A wayward tee shot at Harding Park led to a rare rules incident and a wonderful act of sportsmanship from the four-time major champion
With far too many stories of players trying to find loopholes in the Rules of Golf lately – you’re thinking about Bryson DeChambeau, aren’t you? – step forward Rory McIlroy to restore a bit of faith after a bizarre incident at the PGA Championship.
After a nice birdie at the opening hole and a comfortable par at the 2nd, McIlroy pushed his tee shot at the par-3 3rd so far right it cleared the greenside bunker and buried deep in the rough.
As McIlroy and a handful of course marshals and media types attempted to find his TaylorMade TP5, one of the search party accidentally stood on it.
As a result, the two-time PGA champion was entitled to replace his ball without penalty, but having done this he then sportingly pushed his ball further into the thick grass.
Why? We’ll let him explain.
“I just wouldn’t have felt comfortable,” he said. “I placed it, and the rule is try to replicate the lie. No one really knew what the lie was, but if everyone is going around looking for it, it obviously wasn’t too good. So I placed it, I was like, that just doesn’t look right to me. So I just placed it down a little bit.”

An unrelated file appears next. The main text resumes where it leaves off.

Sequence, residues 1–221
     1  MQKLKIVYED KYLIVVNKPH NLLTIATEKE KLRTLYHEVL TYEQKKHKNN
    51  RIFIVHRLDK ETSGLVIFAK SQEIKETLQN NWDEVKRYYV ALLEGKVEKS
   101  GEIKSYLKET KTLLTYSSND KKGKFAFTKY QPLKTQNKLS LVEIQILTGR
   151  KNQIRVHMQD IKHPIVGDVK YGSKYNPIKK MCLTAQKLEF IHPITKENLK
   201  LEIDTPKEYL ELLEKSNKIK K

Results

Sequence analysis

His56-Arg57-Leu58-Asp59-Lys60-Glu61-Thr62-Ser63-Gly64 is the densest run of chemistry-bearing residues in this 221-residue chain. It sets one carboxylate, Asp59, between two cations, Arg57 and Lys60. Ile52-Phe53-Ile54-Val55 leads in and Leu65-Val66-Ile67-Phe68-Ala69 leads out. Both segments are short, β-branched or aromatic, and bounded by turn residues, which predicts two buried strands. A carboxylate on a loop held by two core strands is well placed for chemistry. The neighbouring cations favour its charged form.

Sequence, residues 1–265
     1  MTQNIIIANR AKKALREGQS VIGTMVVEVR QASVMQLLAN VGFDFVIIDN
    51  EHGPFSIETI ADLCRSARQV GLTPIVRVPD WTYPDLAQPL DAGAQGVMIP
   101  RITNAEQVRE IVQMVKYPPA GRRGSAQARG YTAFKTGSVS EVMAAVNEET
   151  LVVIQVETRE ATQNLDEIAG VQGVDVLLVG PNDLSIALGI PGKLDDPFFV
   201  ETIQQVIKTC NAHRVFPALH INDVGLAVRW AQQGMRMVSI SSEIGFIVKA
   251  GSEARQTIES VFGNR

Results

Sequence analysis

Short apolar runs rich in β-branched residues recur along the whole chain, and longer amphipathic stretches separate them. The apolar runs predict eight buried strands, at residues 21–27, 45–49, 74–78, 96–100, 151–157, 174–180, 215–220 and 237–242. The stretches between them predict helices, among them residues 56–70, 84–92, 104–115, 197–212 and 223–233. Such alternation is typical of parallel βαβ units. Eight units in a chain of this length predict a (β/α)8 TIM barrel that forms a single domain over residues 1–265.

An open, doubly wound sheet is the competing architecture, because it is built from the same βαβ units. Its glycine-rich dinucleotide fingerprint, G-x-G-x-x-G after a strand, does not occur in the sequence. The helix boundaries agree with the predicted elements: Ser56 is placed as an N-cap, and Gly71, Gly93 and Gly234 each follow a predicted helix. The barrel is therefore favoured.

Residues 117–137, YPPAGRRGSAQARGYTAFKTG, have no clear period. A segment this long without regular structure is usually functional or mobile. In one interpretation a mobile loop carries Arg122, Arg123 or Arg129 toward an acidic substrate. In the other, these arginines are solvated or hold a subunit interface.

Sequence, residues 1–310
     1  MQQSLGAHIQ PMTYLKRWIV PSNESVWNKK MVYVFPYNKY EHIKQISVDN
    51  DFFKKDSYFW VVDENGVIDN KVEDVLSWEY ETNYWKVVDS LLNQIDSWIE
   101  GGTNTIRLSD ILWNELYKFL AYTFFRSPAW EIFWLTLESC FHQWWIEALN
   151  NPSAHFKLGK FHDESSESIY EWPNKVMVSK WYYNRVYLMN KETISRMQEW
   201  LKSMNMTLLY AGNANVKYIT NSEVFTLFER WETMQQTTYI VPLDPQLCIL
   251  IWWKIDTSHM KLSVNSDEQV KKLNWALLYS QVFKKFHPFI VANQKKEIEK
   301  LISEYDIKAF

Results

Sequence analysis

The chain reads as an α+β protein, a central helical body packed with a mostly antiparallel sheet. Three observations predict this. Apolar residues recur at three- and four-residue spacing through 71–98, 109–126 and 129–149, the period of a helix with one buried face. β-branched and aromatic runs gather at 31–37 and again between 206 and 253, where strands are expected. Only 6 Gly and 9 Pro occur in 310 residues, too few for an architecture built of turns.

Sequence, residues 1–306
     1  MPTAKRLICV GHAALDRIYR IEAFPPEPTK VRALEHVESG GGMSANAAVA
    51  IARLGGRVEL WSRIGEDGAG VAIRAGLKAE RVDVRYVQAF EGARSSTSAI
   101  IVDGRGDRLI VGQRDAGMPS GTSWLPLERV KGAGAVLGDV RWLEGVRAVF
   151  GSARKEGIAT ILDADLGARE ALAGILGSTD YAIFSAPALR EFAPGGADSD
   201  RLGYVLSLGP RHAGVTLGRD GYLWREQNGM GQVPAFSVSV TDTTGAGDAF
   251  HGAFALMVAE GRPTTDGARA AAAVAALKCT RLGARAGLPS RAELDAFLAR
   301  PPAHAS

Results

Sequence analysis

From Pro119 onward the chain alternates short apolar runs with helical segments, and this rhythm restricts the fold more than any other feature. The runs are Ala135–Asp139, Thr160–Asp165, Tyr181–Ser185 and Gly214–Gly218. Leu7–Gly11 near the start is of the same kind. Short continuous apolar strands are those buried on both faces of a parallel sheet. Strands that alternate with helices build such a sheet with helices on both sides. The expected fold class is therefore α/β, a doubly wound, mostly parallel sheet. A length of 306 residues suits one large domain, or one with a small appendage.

McIlroy pitched to just inside 20 feet and two-putted for a bogey. But the Northern Irishman is at peace with his decision.
“At the end of the day, golf is a game of integrity and I never try to get away with anything out there,” he said. “I’d rather be on the wrong end of the rules rather than on the right end because as golfers, that’s just what we believe.
“I would have felt pretty wrong if I had of taken a lie that was maybe a little better than what it was previously.”
And it looked like the golfing gods had rewarded McIlroy for his honesty when he rolled in four straight birdies from the 7th, only to give three of those back with a triple-bogey at 12 after a pulled drive and a three-putt from seven feet.
McIlroy goes into the weekend seven shots off leader Haotong Li.
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Why was McIlroy allowed to replace his ball?
It’s covered under Rule 7.4, “Ball Accidentally Moved in Trying to Find or Identify It”.
It reads: “There is no penalty if the player’s ball is accidentally moved by the player, opponent or anyone else while trying to find or identify it.
“If this happens, the ball must be replaced on its original spot (which if not known must be estimated).”